Adverse Vaccine Reactions in Dogs
Overview of Vaccine Reactions in Dogs
Veterinarians use vaccines to protect pets from serious diseases. In the majority of cases, pets receive vaccines with no ill effects. Among those who do respond badly in some way, the majority of the adverse vaccine reactions are not life threatening.
However, if you notice any changes in your pet’s health following a vaccination, call your veterinarian immediately.
If a pet develops a pattern of adverse vaccine reactions, it may indicate the pet is at higher risk of something more serious happening following future vaccinations. Share all of your concerns about vaccines with your veterinarian so that you can collaborate on a vaccine plan that makes sense for your pet.
Any individual pet may be susceptible, but smaller dogs tend to experience more adverse vaccine reactions.
Here are breeds that are more commonly affected with vaccine reactions:
- Boston Terrier
- Miniature Pinscher
- Miniature Schnauzer
- Jack Russell Terrier
- Toy Poodle
- Yorkshire Terrier
What to Watch for:
Common Adverse Vaccine Reactions
- Facial swelling
- Injection site swelling or lump
- Lethargy (being unusually tired)
- Shock (which can be serious)
- Injection site pain
- Injection site hair loss
Less Common Adverse Vaccine Reactions
- Not eating
- Dangerous allergic reaction and shock (anaphylaxis)
- Trouble walking or standing (ataxia and other signs of neurological problems)
- General signs of pain
- Muscle tremors
- Heart rhythm problems (tachycardia)
- Low platelet count (thrombocytopenia)
- Autoimmune disorders
Diagnosis is based the history of a recent vaccine and subsequent symptoms as indicated above.
Veterinary treatment greatly depends on the symptoms and seriousness of a pet’s adverse vaccine reaction.
- Veterinarians may administer antihistamines (such as benadryl) and steroids (such as prednisone or dexamethasone) to treat many common reactions.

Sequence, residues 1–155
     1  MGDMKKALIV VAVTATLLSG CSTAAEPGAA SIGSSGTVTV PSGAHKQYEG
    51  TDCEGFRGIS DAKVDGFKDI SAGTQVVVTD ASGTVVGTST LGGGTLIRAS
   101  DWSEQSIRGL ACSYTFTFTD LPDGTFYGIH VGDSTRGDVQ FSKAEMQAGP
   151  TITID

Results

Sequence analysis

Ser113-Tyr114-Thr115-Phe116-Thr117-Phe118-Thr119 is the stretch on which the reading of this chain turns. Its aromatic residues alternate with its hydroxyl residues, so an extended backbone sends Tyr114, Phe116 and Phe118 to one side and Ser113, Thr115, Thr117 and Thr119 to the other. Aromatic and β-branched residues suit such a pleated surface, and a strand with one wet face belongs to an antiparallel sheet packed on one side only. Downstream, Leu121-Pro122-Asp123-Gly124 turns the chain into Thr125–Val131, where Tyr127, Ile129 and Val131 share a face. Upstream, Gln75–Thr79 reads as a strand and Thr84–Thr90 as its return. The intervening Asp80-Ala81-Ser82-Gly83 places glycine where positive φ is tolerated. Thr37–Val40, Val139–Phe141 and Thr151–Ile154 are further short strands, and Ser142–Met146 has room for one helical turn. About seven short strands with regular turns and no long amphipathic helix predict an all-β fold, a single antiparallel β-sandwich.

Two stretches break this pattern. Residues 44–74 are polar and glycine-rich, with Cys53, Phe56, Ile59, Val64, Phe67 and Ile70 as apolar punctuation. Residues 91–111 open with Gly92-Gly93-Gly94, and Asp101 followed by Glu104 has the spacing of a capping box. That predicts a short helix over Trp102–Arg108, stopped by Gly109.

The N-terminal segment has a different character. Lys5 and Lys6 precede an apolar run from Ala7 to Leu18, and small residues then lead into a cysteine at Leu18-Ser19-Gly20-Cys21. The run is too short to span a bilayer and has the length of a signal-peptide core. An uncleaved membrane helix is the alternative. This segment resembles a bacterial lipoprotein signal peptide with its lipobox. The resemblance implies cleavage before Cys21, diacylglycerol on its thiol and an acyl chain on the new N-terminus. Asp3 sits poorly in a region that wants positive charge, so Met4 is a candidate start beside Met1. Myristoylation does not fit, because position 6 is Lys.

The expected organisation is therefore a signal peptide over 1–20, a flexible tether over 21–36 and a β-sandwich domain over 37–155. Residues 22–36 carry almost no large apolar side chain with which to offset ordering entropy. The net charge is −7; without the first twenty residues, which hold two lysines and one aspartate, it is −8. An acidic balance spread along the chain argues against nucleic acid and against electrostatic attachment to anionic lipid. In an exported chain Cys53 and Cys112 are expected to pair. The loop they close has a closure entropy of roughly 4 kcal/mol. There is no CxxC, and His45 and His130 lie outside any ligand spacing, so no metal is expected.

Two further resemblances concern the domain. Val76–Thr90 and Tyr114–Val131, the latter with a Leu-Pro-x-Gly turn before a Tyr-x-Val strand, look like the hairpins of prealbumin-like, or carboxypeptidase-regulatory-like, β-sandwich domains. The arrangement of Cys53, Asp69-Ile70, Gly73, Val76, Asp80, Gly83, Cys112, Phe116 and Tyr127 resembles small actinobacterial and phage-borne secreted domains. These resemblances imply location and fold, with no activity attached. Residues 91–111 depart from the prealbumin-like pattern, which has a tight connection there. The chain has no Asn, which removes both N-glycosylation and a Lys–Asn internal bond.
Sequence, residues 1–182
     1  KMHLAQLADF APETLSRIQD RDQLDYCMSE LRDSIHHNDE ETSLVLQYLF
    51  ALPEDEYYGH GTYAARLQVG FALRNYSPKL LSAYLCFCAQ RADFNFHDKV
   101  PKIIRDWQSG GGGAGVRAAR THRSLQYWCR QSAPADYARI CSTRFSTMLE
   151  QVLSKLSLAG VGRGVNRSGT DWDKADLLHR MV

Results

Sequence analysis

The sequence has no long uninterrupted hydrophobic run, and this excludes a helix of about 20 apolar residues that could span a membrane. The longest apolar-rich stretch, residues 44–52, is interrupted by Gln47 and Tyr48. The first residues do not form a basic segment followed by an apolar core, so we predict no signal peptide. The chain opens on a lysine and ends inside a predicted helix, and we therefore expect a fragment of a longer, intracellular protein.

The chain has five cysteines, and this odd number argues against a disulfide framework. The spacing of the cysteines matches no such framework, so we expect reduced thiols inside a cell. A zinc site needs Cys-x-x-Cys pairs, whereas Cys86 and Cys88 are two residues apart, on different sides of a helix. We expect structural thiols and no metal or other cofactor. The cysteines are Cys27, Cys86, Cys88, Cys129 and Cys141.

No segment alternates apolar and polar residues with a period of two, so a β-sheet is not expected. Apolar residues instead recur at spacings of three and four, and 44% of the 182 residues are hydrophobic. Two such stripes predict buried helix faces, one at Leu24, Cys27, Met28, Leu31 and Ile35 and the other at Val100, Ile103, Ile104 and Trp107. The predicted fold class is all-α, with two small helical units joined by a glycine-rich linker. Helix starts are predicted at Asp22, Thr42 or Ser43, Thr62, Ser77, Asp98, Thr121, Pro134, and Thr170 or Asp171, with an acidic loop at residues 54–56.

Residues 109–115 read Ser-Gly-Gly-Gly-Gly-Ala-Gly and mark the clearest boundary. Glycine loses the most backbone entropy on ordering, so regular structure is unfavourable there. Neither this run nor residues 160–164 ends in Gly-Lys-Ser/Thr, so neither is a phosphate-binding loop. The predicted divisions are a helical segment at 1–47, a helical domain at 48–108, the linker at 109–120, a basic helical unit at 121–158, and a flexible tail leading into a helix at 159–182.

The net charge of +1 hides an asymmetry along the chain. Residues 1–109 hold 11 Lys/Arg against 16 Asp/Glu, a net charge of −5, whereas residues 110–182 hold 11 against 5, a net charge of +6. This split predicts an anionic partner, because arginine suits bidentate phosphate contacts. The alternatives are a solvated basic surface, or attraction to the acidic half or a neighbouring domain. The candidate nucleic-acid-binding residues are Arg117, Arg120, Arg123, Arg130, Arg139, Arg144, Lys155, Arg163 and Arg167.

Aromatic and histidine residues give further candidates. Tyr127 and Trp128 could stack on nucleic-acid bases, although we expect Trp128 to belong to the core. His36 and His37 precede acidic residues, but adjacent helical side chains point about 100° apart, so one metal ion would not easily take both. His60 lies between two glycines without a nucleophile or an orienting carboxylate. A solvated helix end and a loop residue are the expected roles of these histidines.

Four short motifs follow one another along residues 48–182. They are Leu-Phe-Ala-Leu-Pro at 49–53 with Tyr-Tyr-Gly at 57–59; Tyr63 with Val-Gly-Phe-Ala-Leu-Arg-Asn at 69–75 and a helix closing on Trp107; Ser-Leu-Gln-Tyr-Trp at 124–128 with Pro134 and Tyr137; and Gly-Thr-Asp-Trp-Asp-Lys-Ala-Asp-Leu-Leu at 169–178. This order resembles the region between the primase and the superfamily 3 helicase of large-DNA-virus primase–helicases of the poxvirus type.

- Serious adverse vaccine reactions require emergency intervention, hospitalization, intravenous fluid administration, steroids, and other supportive care which will depend on the pets symptoms.
How to Report an Adverse Vaccine Reaction
The United States Department of Agriculture (USDA) oversees veterinary vaccines through its Center for Veterinary Biologics. Reporting of adverse vaccine reactions is voluntary. Usually, veterinarians file adverse vaccine reaction reports on your behalf. If you choose to do so yourself, here is what’s required.
First, contact the vaccine’s manufacturer, through its veterinary services or technical services department. Visit the company’s main website and look for a toll-free phone number for that department.
Have the following information ready before you call:
- Your pet’s breed, age, health status at the time of vaccination
- Date of vaccination
- Number and type of vaccinations given, including lot numbers for the vaccine(s)
- Description of your pet’s symptoms
- How soon after vaccination the symptoms began
- Your pet’s outcome or prognosis (if known)
- How your pet has been treated
USDA: Once you’ve alerted the vaccine’s manufacturer, then you can also contact the USDA.
Online: USDA – Center for Veterinary BiologicsBy Phone: (800) 752-6255 By Fax: (515) 337-6120 By Mail: Center for Veterinary Biologics, 1920 Dayton Avenue, P.O. Box 844 Ames, Iowa 50010